Where there’s a will, there’s a way, or more precisely prior to its translation “Yu Gong moves the mountains“. So it was said of a peasant named Yu Gong after he struggled to move two mountains that were blocking entrance to his home. 2 mountains – that’s nothing. Now China is planning to flatten 700 mountains and spend AU$3.6 billion in the process, to be orchestrated by the government of Lanzhou, a provincial capital in China’s arid northwest.
The development, named the Lanzhou New Area of around 130,000 hectares, will house a new metropolis and in doing so is planning to increase the region’s GDP by AU$44 billion by 2030 according to the China Daily. The development was approved by China’s state council and will be its fifth state-level development zone and the first in its interior.
The first stage of mountain demolition commenced already in October 2012. China’s home grown “Donald Trump” – Yan Jiehe heads one of China’s largest private companies – the Nanjing-based China Pacific Construction Group. He is known as an ultra-ambitious and talented pilot through the country’s “guanxi”, or personal connections. In 2006 the respected Hu Run report named Yan – then worth about AU$1.3 billion – as China’s second-richest man.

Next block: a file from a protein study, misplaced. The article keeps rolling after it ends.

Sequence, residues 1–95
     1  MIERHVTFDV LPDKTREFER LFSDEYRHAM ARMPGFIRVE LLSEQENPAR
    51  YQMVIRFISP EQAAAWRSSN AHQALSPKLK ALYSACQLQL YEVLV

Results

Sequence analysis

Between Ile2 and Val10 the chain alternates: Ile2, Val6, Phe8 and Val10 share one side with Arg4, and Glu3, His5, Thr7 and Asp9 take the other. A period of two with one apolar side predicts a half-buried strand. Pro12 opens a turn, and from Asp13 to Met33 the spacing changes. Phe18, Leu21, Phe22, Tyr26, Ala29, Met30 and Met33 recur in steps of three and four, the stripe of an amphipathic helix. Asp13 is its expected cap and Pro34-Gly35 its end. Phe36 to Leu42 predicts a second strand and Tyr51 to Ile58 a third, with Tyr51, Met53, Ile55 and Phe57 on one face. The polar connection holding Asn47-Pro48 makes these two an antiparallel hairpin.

This latest plan has received plenty of criticism as the site sits on the Yellow River, threatening more environmental concern and increasing its deadly silt level. Lanzhou is also home to 3.6 million people and they dubiously enjoy what the WHO regards as the worst air pollution in China. We guess metallurgy, chemical and fertilising production will do that. In fact experts have raised concerns about whether the project is environmentally viable. Gansu is an arid province, scoured by sandstorms and surrounded by deserts. The criticisms also includes the lack of water in the area and the financial risk of building a city in a desert – have we heard this before (Las Vegas)? The China Pacific Construction Group naturally dismiss these concerns and promise that their “protective style of development” will make things better than before.
The new area “will lead to an environmentally sustainable economy based on energy-saving industries” including advanced equipment manufacturing, petrochemical industries and modern agriculture, wrote Chinese Central Television on its website.
What do you think – incredible foresight, a waste of money, or needed development in an impoverished area? Let us know below.